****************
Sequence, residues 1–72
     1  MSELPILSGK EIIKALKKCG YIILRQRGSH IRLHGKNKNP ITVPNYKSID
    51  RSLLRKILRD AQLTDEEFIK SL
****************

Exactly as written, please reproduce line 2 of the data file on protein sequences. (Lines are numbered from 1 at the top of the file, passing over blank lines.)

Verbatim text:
     1  MSELPILSGK EIIKALKKCG YIILRQRGSH IRLHGKNKNP ITVPNYKSID